I am building a homemade xylophone out of copper pipes. I want it to be accurate if I measure it for 5 seconds and take the average pitch. For my F4 pipe for example, when I do this, it tends to go really high (somewhere around A7 usually) and then go to around 340 Hz, which is closer to the frequency I want, but then it will alternate between 341 and 0 Hz, so my average frequency gets really skewed. Any ideas as to why? My bars are mounted at their nodes, and I've tried using a hard and softer homemade mallet. Thanks!

  • 2
    How are you measuring the pitch? Also, weird that you're getting 0 Hz. I wonder if some vibrations are phase cancelling. Are these cylindrical lengths of pipe or flat pieces cut from pipes? Nov 26 '18 at 0:36
  • @luserdroog I'm using Google Science Journal and also the pipes are hollow cylinders (I think they're originally used for plumbing). Also I thought the 0 Hz could just be because of the note dying out and getting too quiet for my phone to pick up.
    – o.ma19
    Nov 26 '18 at 2:35
  • Am I reading your post correctly? The pipe that should be F4 (349 Hz) sometimes registers as A7 (3,520 Hz?) Nov 26 '18 at 19:04
  • @MichaelCurtis Well, kind of. The pipe that should be F4 registers as A7 on my device at first, then the pitch will bounce between the correct frequency and other frequencies, usually 0 Hz.
    – o.ma19
    Nov 27 '18 at 1:09
  • A xylophone has wooden bars. A glockenspiel has metal bars. So isn't this a glockenspiel or some other type of metallophone rather than a xylophone? Nov 27 '18 at 12:44

The main problem is your measurement, not necessarily the instrument. The Xylophone creates a lot of different frequencys. Their relative strength will change over time and will confuse most measuring devices. The only instrument I know of that does a good enough job is ears. You have to listen to the instrument and decide whether it has a good sound and is in tune. Ideally you need to listen a few meters away, and in different directions. Some of the "noise" frequencys gets less noticeable a bit away from the instrument.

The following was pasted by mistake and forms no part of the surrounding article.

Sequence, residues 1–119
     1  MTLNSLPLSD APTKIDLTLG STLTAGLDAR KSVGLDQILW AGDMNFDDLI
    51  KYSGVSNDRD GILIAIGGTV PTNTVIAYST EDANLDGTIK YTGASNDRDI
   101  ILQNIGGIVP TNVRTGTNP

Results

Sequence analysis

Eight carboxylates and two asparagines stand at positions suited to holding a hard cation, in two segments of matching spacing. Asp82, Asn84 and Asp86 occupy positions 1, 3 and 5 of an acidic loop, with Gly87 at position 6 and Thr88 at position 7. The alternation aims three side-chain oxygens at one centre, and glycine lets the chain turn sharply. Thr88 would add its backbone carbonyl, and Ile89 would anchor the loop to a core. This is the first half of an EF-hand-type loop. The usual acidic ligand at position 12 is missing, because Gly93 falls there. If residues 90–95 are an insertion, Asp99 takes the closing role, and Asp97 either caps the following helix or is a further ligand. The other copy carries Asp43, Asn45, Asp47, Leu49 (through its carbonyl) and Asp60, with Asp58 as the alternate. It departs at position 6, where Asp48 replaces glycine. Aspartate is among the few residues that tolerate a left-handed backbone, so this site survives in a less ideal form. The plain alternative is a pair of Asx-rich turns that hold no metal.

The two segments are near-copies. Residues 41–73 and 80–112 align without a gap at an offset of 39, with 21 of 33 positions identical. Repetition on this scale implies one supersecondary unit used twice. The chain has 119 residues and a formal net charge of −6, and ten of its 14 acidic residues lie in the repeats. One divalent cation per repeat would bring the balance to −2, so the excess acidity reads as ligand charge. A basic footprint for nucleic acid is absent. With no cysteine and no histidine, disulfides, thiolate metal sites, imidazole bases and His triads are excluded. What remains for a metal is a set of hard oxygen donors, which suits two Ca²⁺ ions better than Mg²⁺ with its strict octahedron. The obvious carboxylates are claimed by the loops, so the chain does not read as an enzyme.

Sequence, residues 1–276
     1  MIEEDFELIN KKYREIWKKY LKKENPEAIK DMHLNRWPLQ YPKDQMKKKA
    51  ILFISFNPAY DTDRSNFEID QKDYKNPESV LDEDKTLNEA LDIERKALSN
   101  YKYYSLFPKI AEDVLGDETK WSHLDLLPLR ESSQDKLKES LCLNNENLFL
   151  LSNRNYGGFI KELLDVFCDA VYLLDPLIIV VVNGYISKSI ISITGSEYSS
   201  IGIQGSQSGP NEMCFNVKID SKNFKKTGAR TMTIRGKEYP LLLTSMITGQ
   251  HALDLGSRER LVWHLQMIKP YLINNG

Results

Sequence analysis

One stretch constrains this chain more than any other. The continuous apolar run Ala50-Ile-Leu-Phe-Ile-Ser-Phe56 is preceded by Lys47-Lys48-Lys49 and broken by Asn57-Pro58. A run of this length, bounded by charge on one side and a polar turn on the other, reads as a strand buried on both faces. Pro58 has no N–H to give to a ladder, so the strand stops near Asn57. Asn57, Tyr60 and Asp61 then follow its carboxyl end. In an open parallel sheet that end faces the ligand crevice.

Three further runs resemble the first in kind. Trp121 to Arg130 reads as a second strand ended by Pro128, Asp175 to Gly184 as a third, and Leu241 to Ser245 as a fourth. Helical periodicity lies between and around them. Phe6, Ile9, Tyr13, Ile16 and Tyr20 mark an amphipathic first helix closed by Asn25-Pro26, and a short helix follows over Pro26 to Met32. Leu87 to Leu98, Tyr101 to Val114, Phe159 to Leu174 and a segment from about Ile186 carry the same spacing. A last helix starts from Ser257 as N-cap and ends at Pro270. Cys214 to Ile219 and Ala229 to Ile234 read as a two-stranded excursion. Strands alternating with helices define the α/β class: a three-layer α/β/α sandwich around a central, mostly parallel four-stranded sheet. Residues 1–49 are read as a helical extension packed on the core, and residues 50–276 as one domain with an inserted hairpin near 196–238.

I suggest you do a goodle search on "xylophone frequency spectrum", people have been looking into this already.

If you want to change the sound or timbre of the instrument you might want to experiment with different materials, different geometries, perhaps drilling holes or adding dampening or resonant materials. This might allow you to deaden all but the fundamental frequencys, but then it will not sound like a xylophone anymore. But, please, do go ahead and experiment, it is great fun. /Gunnar

  • I think It's going to be hard to listen to a test instrument from a few meters away as you strike it.
    – Dekkadeci
    Dec 15 '18 at 16:41
  • Unless you have a friend?
    – ghellquist
    Dec 15 '18 at 16:51

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